Today, I’m over at the Beeminder Blog, with a guest post on ways to use Beeminder to help organize my spiritual life… without ending up with a weirdly corporate or Pharisaical vibe. Beeminder is a service that makes it easier to do in the short term what you mean to do in the long term, by letting you take out a contract on yourself, where you have to stick to a certain commitment of decades of the Rosary/week, time spent in bed/day, etc, or pay a penalty.
There’s something a little weird for me, intuitively, about beeminding parts of my spiritual life. After all, in Romans 12:19, it is written “Vengeance is mine; I will repay, saith the Lord.” So, if I turn to Beeminder to keep track of my prayer practices, am I introducing an unnecessary (or worse yet, idolatrous!) enforcement middleman?
Prayer is supposed to come from the heart, so is there something weird about graphing it and setting up my own penalties if I don’t measure up?
My answer is, yes, it’s a bit weird, but so is most of my prayer life. I’m a convert, so I’ve had to pick up prayer as a second language, but, even for people who are raised religious, spiritual life is a process of growth, which means it tends to include a lot of awkward stages. I’ve found it useful to “cheat” a number of ways in my prayer life, from seeking out opportunities to pray in community (where I feel more natural and less self-conscious) to praying while walking on my commute (the one reliable fixed point in my schedule). Beeminder is one of a number of hacks I’ve used to help me get over initial resistance to a new ritual or habit.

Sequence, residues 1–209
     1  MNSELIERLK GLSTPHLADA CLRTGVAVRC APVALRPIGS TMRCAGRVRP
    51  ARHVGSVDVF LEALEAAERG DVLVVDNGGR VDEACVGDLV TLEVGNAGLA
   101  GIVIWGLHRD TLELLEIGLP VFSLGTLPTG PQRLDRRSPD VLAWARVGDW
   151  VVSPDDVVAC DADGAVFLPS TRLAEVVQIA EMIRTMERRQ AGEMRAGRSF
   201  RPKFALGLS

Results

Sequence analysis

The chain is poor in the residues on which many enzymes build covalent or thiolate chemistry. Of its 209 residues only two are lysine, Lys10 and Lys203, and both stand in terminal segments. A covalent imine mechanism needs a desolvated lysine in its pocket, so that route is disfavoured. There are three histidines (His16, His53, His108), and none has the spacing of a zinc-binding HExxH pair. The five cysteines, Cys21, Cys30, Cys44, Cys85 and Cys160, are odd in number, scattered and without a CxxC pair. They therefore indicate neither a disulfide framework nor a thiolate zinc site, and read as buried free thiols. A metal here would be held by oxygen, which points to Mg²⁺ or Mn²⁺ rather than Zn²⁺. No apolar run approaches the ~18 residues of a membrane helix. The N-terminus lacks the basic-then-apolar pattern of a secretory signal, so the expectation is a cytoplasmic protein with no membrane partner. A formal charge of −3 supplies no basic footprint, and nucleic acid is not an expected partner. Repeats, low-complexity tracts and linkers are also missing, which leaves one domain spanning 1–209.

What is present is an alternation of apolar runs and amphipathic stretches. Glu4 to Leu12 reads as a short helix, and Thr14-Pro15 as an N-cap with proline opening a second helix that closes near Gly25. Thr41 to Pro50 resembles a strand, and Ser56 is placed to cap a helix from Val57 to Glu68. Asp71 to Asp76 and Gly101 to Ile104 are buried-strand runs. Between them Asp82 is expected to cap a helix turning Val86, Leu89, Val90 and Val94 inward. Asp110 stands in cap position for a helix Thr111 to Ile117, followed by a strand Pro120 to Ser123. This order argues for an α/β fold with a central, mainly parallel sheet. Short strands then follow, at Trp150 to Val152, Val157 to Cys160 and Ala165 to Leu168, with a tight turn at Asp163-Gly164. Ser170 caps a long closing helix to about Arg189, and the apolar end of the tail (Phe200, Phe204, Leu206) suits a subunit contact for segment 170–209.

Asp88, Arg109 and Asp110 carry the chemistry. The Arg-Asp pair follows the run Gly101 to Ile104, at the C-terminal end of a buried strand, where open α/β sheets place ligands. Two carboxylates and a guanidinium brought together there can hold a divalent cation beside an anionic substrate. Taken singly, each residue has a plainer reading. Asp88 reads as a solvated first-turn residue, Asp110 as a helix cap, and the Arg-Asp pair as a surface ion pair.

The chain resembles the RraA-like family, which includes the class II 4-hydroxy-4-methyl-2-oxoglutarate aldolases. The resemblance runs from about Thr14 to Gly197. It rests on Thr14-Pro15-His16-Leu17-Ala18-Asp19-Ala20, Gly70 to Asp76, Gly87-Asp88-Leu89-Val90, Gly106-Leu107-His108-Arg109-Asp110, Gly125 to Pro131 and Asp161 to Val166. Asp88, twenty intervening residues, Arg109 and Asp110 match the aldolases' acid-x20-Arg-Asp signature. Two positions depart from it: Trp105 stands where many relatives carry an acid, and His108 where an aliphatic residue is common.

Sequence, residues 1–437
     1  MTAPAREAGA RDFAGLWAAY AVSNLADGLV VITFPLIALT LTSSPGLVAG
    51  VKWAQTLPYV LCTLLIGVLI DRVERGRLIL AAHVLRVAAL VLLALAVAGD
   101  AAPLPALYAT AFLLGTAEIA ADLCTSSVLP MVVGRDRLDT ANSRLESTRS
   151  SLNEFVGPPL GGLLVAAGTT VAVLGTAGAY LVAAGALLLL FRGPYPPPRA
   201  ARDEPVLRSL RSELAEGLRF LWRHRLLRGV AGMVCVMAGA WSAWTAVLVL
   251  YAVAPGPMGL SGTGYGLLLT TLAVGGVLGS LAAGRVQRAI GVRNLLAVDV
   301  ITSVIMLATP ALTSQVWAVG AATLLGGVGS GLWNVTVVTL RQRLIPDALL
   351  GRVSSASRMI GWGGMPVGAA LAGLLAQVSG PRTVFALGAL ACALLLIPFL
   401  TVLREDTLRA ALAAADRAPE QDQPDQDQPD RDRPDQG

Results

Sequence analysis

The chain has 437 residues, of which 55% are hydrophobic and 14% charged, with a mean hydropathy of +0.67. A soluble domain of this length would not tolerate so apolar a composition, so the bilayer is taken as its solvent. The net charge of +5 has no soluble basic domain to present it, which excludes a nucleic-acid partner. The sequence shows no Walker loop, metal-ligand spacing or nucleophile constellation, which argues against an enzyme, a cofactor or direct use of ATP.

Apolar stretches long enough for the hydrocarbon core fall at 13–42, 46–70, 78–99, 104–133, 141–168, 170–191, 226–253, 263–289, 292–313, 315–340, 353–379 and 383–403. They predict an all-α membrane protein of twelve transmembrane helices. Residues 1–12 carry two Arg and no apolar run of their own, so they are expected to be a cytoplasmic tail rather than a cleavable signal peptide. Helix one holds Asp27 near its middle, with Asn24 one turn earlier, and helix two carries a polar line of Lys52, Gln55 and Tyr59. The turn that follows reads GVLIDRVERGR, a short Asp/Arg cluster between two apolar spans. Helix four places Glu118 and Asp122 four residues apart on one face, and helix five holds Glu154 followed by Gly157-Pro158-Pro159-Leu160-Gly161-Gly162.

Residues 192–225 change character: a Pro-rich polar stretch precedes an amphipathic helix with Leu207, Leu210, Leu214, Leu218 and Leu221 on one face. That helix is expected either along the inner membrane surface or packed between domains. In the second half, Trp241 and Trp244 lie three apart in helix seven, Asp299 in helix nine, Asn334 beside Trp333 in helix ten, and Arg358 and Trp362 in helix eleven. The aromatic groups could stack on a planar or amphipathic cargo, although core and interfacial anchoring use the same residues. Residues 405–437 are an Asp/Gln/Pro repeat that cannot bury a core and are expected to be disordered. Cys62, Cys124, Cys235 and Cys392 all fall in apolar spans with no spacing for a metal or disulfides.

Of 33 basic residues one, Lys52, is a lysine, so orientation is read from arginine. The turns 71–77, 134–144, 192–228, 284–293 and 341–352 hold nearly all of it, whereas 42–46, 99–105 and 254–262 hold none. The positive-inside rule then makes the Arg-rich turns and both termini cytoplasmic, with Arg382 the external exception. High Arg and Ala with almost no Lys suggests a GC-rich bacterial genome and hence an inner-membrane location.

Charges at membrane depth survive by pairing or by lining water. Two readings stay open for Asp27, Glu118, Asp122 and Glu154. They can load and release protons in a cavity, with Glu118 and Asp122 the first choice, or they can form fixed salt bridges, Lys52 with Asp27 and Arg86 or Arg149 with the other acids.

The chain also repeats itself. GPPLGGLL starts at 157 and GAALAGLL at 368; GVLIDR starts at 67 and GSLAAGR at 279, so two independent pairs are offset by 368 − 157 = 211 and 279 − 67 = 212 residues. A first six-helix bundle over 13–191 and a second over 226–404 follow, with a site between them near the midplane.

Two bonus notes:
I didn’t realize, until I was writing this guest post, that Beeminder tends to put little easter eggs in the hovertext of all the links of their blog posts.
When I was writing the post, I used, hypothetically, the idea of beeminding lectio divina as a way to make sure I make space for a practice I find nourishing, but never seem to do. Once I wrote it, it seemed like a pretty good idea!
So I have set up a lectio goal (one instance of lectio divina per week, total time unspecified, to keep me from shying away for fear of a major commitment — even reading, meditating, praying, and contemplating on a single verse would count and would improve the spiritual status quo).